woman letting go of phone and looking at nature

© Matthew Roberts

If you do have a garden…

If you are one of the lucky ones with a garden, now is the time to make the most of it, particularly if the weather is on our side. It doesn’t even have to be ‘gardening’ as such. Just making time to be in the garden and notice things is time well spent. I’ve been trying to eat lunch in the garden each day and I take the odd cup of tea out there too. In addition to the goldfinches, there are lots of less obvious inhabitants to pay some attention to. Ants are busily scurrying around enacting their bewildering brand of teamwork. Bees are visiting the few blooms that are out in my garden at the moment.  When dusk falls I occasionally startle a fox sniffing around under the hedge. If you are able to do some actual gardening at the moment, try focussing on small changes to introduce more colour, more movement, more pollen, more water, more variety, more hiding places for wild residents. This will benefit not only the wildlife but also the people who share the space and thrive off the interaction with their wild neighbours.

Bumblebee in a garden

© Nick Upton - 2020VISION

And this too will pass.

The other thing I have been doing is planning for when we get out of solitary confinement. I’ve been planning trips to mountains and coasts. I am planning more major works in garden once we have more resources again. I’ve been planning walks of more than 20 minutes. I’ve been looking online at nature reserves I’ve never visited and corners of the New Forest and South Downs I’ve always wondered about. It will all still be there when we get out of lockdown. If society begins to appreciate British wildlife a bit more as a result of the current, horrible crisis, I would hope it will all still be there for decades and centuries to come; thriving, recovering and becoming wilder by the day. That’s part of the challenge in the end; using a crisis and its aftermath as an opportunity to become a wilder society, living in a wilder world.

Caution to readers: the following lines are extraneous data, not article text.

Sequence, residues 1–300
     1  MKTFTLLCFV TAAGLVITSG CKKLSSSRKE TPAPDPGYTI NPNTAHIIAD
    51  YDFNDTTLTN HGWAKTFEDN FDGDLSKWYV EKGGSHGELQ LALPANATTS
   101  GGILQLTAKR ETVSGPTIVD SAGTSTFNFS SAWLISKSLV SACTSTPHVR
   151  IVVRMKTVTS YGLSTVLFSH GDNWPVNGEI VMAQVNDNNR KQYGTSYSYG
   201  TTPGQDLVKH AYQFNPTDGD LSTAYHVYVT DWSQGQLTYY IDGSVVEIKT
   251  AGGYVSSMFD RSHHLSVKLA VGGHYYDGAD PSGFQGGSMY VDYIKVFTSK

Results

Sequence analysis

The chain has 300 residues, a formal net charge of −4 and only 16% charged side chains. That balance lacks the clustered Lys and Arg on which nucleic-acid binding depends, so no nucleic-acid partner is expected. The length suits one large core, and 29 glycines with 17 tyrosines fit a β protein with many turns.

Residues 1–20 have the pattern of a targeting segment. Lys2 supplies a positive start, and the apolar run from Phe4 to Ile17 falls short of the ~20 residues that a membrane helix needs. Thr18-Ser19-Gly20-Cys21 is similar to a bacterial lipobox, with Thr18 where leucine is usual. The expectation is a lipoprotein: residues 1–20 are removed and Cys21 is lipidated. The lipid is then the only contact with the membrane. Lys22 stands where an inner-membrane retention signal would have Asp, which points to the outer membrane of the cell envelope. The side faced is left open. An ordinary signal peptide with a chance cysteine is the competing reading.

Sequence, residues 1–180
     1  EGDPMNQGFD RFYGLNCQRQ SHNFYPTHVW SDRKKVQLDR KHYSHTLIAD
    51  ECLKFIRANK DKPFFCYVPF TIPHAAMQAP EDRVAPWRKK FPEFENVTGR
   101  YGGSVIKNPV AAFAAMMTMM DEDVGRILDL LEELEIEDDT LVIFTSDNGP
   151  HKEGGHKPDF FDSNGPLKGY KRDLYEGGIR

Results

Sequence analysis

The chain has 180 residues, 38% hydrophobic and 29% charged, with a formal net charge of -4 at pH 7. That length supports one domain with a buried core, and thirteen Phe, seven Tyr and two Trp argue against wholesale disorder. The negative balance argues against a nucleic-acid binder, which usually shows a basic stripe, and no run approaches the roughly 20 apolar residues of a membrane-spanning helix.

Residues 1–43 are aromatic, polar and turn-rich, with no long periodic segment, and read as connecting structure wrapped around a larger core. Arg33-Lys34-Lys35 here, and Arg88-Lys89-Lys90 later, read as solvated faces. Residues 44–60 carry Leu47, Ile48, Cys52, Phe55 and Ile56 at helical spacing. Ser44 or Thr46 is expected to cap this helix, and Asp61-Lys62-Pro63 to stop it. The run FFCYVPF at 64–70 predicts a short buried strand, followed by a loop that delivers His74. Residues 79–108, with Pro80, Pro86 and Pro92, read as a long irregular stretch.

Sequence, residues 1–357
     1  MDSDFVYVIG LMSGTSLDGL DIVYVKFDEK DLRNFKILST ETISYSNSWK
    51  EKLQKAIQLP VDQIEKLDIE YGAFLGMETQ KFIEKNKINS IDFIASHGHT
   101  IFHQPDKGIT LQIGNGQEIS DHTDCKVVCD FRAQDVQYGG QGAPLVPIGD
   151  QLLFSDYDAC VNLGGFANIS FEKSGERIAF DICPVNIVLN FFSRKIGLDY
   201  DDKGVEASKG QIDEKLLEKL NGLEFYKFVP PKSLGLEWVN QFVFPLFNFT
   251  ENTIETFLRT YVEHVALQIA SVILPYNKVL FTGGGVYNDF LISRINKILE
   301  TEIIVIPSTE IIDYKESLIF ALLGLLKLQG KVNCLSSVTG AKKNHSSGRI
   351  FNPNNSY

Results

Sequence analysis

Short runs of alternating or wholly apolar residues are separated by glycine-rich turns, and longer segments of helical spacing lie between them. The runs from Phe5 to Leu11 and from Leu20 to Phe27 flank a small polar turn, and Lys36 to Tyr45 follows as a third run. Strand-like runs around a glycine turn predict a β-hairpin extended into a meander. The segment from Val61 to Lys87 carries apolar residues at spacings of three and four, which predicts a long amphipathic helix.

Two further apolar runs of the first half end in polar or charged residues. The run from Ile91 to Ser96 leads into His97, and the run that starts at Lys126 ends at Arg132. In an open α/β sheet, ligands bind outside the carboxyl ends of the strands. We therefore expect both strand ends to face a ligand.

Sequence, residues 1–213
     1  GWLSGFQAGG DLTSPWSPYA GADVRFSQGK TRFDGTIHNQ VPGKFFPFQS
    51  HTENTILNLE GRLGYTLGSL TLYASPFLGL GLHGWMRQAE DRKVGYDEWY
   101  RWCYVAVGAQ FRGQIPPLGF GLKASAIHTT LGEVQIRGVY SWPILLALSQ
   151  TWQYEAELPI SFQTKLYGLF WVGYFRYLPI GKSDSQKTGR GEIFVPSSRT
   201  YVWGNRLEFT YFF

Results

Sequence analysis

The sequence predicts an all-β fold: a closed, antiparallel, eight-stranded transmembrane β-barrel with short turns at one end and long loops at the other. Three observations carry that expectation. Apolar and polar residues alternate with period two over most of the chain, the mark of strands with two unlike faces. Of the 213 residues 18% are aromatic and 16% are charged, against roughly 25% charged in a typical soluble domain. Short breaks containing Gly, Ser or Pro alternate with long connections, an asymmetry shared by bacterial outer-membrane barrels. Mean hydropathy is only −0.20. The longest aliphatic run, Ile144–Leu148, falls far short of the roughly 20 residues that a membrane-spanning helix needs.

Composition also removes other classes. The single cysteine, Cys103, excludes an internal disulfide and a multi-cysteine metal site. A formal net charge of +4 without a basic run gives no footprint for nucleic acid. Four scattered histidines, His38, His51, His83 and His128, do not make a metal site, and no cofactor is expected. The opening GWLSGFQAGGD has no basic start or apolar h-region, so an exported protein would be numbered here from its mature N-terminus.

By 6:45, I have finished the cup of tea and I go back inside to turn my attention keeping in touch with loved ones and to adjusting my way of life to meet the new situation we’ve all been presented with. Thankfully the garden and the windows and photos of plants, animals and mountains will be there, providing a constant escape and source of relief and refreshment.  Stay safe everyone.